Long time readers will know how much I love me some Pelican. They released my favourite album of 2009, and although Ataraxia/Taraxis was only an EP it played a big part in getting me through 2012 with in a state of “robust tranquillity”. Ahhhhh…

Torche – Harmonicraft (Volcom)

Another former Three Paper Album of the Year winner, Torche are simply awesome. This album continues the crossbred pop-meets-heavy genius from their previous albums, but if anything finds them reaching a new level of confidence, complexity, musicianship and bold experimentation that pays some remarkable dividends, with the band at times finding some previously uncharted musical territory. There’s also a couple of those slow, doomy tracks (Solitary Traveler and Looking On) that they do so well.

Then when they decide to play it straight and just write a great song, there are few in the world today that can match them for catchiness and the ability to make you feel damn good about life in general. And this film clip is hilarious:

High On Fire – De Vermis Mysteriis

Do you know what a grimoire is? It’s a book of magic spells, chants, curses and other occultish instructions.

If you are a fan of metal you really should read H.P. Lovecraft, because his writings have inspired so many heavy metal songs, lyrics and images over the years. I’ve been reading his stories this year, perhaps prompted by my return to my dank and chilly ancestral home. (The Rats in the Walls is my favourite) In his stories he often referred to a famous fictional grimoire called the Necronomicon, but he did mention others, including De Vermis Mysteriis.

Anyway, enough of the QI style fact sharing.

High On Fire released an album in 2012, and it was pretty good. Not great, but pretty good. The early excitement from High On Fire albums has worn off a bit, it’s true. All their albums have been excellent, but I don’t think they’ve progressed much since Blessed Black Wings. Still if you love their swinging doomy riffs and thumping toms then you’ll love this too. Romulus and Remus is my fave track.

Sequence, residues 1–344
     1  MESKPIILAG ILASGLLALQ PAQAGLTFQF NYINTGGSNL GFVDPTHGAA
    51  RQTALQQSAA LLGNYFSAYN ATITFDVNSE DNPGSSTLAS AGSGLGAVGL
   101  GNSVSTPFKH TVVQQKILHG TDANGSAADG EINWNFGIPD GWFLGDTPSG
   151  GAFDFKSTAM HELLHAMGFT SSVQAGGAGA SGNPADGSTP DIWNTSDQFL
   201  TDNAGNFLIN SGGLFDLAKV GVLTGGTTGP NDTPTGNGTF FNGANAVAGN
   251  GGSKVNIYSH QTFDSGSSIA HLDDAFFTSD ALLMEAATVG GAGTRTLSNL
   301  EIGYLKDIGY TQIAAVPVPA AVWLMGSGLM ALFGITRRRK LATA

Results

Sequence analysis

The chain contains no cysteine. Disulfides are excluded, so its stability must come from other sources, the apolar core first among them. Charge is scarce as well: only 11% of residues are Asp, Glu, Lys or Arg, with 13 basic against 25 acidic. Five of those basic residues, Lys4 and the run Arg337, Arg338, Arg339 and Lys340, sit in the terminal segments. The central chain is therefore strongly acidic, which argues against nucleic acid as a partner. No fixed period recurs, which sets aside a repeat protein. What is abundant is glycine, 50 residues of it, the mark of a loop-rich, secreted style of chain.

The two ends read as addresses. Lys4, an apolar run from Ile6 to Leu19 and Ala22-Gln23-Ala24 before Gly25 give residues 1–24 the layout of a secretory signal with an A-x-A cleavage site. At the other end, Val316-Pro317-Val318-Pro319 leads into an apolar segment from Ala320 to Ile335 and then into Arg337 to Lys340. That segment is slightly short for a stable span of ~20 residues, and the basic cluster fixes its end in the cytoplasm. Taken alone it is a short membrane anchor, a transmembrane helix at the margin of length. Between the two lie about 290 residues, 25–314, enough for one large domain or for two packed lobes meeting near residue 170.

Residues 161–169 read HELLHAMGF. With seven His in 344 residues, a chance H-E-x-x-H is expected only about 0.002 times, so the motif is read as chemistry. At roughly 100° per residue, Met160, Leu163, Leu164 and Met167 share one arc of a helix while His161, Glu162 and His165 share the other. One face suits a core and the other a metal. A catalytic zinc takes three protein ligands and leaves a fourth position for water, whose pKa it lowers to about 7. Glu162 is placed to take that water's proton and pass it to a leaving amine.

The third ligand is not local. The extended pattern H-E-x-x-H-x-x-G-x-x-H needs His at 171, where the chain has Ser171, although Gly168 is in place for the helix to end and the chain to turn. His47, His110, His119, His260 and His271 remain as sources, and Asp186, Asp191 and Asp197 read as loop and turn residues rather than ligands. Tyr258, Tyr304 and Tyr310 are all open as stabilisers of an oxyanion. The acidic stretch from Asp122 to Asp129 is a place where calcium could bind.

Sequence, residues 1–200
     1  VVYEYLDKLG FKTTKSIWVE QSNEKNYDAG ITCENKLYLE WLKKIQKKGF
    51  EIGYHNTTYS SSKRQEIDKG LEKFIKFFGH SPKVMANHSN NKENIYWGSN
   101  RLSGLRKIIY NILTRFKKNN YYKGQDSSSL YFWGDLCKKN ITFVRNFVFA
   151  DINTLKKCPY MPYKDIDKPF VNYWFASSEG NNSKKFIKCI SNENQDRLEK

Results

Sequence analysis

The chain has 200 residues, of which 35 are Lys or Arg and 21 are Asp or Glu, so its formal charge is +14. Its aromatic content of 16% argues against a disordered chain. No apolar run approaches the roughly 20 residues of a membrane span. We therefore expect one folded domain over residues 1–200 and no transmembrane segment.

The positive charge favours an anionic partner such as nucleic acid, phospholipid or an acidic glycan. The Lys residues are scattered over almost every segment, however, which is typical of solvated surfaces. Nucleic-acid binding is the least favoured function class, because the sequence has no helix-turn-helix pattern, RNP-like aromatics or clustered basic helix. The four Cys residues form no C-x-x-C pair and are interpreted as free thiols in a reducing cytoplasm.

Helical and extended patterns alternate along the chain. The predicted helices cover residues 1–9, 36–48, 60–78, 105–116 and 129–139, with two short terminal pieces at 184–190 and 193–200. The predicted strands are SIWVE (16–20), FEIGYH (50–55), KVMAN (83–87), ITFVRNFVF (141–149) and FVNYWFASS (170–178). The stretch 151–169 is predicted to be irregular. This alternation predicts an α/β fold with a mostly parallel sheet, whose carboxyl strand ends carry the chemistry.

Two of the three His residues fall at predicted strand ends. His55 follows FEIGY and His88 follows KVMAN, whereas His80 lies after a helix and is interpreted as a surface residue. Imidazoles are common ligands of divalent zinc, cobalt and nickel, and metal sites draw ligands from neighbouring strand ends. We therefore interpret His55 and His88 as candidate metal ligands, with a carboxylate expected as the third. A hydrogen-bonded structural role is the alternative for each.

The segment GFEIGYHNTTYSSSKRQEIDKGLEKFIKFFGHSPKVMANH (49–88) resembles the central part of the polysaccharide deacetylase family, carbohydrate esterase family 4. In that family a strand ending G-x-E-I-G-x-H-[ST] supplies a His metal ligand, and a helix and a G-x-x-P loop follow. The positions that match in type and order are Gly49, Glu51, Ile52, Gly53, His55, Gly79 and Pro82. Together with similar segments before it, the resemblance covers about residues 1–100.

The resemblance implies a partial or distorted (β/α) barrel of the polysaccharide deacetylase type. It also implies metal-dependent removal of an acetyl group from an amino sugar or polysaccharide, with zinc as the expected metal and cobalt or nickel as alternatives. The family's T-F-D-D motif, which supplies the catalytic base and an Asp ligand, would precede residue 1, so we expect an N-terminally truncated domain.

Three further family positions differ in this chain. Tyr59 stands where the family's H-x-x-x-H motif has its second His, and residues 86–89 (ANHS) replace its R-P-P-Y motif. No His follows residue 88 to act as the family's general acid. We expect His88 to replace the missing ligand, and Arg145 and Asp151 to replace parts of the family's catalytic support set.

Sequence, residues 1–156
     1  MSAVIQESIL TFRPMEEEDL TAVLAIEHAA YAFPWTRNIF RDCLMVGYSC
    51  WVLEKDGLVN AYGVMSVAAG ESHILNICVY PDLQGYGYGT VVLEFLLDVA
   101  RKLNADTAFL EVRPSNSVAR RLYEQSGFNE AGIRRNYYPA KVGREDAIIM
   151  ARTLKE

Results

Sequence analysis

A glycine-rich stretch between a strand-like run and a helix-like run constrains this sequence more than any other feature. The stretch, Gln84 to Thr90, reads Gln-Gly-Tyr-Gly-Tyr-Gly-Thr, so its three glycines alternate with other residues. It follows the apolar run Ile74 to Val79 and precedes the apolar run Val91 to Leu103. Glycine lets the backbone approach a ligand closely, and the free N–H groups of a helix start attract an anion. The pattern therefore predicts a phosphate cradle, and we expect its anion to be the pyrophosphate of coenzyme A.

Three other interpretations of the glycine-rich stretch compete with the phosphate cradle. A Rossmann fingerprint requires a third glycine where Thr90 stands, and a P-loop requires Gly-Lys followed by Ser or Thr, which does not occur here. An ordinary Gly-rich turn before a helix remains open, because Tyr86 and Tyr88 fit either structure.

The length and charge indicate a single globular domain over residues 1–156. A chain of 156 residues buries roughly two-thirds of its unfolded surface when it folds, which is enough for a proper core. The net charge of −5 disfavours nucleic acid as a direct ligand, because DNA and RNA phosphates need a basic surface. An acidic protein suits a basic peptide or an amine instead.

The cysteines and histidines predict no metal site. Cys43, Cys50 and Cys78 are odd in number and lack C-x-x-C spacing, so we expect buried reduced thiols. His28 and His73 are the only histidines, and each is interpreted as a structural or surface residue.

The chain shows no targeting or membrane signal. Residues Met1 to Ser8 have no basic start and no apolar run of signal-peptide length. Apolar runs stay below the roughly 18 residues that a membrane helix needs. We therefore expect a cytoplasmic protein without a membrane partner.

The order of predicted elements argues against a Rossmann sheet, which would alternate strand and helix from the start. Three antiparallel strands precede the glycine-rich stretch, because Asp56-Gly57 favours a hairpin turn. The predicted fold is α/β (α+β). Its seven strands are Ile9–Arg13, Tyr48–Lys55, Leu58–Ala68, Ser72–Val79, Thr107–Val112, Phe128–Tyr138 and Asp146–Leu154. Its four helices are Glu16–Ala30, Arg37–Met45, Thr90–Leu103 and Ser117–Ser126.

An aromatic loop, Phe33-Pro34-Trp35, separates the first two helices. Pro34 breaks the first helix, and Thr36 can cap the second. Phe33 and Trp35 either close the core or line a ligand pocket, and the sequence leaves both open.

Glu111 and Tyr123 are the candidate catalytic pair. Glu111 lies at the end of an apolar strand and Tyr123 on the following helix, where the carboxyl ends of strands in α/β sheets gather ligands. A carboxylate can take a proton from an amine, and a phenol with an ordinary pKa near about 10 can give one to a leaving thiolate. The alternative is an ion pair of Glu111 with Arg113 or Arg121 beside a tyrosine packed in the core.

Trap Them – Darker Handcraft (Prosthetic)

OK, I’m a sucker for pretty much anything that sounds like Entombed, which is why I love this album. It was actually released in 2011, but I gave it a pounding throughout 2012.

Of course, every Entombed album is different, so you can’t just say a band ‘sounds like Entombed’, you have to say which one, and this is probably closest to Uprising in sound and punk rock attitude. It’s probably more accurate to say it sounds like Doomriders mixed with Disfear, but of course both of those bands were heavily influenced by the Swedish death gods.

There’s some fast and aggressive stuff, and enough d-beats in here to keep Discharge fans happy, but plenty of fun rocking riffs too.  Here’s a song called The Facts:

OK that’s it from me for the time being, I’ll get back to you as I digest some more awesome tunes over the next month or two.

– Hazizi


Isis Things

Hey folks,

Just quickly wanted to let you know that THERE WILL BE SOME ACTIVITY on this blog in coming weeks and months.

I’ve just finished a very hectic teaching degree and will now have some time to talk metal.

And Felix has done a great review of Civ V: Gods and Kings which I’ll post soon too.

In the meantime here’s a couple of things from Isis, who broke up in 2010 but are releasing a few things from their back catalogue at the moment.

The first is a new film clip to an old song that was on a 2010 split EP (with the Melvins).  It is called Pliable Foe and was recorded during the Wavering Radiant sessions.

The second thing is a link to a cover of Streetcleaner by the mighty Godflesh which they did back in 2000.

Streetcleaner – Isis

Enjoy, and I’ll see y’all real soon.


New Miss Lava song